Is ending partisan gerrymandering a big deal?
This month the Supreme Court of the United States is set to issue an opinion in a case I’ve been working on for many years: Gill v. Whitford. I, along with a team, represent Bill Whitford and his fellow plaintiffs in seeking to strike down the Wisconsin state house plan as a partisan gerrymander, in violation of the First and Fourteenth Amendments to the Constitution.
In its decision, the Court may approve a constitutional standard that will prevent partisan gerrymandering, not just in Wisconsin, but across the whole country. In anticipation of the decision, many commentators are trying to grapple with its possible magnitude. David Brooks of the New York Times, suggests that reforms to gerrymandering “would have only a marginal effect on our politics;” and Jonathan S. Tobin of the National Review writes that “Democrats have high expectations about the impact of a victory for the plaintiffs in these cases. But the truth about their electoral woes has less to do with Republican skullduggery than the Voting Rights Act.”
Both commentators make some good points (Brooks supports ranked choice voting with multi-member districts to reduce partisan polarization, and Tobin explains that “[b]oth parties have always treated the process of drawing congressional districts…as an opportunity to increase their odds of winning while harming their opponents’ chances”), but there are nuances in their opinions that are worthy of further discussion.
Brooks claim as to the small effect of partisan gerrymandering is well made only with respect to his argument that partisan gerrymandering will likely not reduce partisan polarization. That has been well-established by political scientists like Nolan McCarty, Keith Poole, and Howard Rosenthal. What Brooks overlooks however, is that political polarization is only one harm facing our democracy.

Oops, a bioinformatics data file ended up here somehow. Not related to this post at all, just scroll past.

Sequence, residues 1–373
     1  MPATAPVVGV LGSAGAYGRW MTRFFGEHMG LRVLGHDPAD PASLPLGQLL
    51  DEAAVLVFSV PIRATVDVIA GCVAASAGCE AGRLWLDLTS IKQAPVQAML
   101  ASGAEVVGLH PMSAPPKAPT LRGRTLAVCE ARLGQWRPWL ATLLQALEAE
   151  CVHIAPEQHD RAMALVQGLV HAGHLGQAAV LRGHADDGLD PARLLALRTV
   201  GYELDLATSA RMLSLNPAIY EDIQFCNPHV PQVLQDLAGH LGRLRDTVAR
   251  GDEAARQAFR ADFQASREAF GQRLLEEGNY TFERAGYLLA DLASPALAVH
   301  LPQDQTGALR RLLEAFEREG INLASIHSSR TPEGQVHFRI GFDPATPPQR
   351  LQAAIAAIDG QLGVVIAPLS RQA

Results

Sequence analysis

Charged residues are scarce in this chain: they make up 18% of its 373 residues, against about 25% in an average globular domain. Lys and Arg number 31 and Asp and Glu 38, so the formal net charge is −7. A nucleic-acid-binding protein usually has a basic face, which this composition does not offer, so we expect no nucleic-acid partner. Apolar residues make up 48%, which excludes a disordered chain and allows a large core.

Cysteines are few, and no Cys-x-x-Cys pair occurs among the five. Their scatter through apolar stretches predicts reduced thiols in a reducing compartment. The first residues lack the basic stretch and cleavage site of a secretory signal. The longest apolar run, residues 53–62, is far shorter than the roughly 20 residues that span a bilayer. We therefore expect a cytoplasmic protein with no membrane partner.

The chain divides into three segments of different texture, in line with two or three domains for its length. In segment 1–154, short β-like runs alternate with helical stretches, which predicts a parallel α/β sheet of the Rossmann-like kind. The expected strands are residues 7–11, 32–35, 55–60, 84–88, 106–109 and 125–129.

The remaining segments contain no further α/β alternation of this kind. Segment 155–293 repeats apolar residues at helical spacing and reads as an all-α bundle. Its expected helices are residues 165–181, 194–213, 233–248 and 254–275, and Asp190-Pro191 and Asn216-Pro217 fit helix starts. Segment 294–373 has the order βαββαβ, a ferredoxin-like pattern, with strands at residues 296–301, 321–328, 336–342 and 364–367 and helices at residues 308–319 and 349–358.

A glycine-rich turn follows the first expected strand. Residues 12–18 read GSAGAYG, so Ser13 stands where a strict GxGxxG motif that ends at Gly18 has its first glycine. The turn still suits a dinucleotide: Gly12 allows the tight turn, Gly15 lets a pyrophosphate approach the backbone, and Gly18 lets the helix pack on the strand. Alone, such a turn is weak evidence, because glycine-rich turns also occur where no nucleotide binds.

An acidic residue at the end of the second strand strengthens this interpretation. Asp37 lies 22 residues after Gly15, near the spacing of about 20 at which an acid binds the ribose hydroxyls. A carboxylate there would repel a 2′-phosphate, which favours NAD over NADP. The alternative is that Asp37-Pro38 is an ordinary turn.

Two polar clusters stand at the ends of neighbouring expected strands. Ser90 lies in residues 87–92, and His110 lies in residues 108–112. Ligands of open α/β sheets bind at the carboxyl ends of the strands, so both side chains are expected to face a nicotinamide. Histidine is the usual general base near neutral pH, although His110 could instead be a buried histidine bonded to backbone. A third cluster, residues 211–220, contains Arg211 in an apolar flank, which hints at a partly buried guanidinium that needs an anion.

The harm that partisan gerrymandering creates is the misalignment between what voters want and what their legislatures and congressional delegations deliver. In this decade alone we have seen multiple wrong-winner outcomes (48.6% of people voted for Republican state house candidates in Wisconsin in 2012, yet Republicans constituted 60% of the legislature after 2012). And it’s not just in purple states where this is a problem. Rhode Island is overwhelmingly Democratic, yet in 2013, when Republicans and moderate Democrats opposed raising the state’s gas tax, the gerrymandered legislature ignored their wishes and hiked up the tax anyway. This misalignment between voters and their supposed representatives is something that the Whitford case is poised to reduce, or hopefully end altogether.
Tobin, too, establishes a straw man. Whether compliance with the Voting Rights Act (VRA) means one cannot draw a redistricting plan that is fair to both Democratic and Republican voters is an empirical question, and one to which we have answers. Two political scientists, Kenneth Mayer and Jowei Chen, have shown that it is possible to draw hundreds of redistricting plans for the Wisconsin state legislature that both comply with the VRA and treat the voters of each party roughly equally. Dr. Chen found a similar result when he analyzed possible plans in the North Carolina and Pennsylvania congressional contexts.
Commentators are right that if the Whitford plaintiffs are victorious this month it will not immediately fix all our political woes. That’s why at the Campaign Legal Center we focus on so many issues of democratic dysfunction: money in politics, ethics reform, promoting voting rights, as well as improving our redistricting systems. Though ending partisan gerrymandering may not be sufficient to solve all our political troubles, it is a necessary step in that direction, and for that reason, I think it’s a very big deal.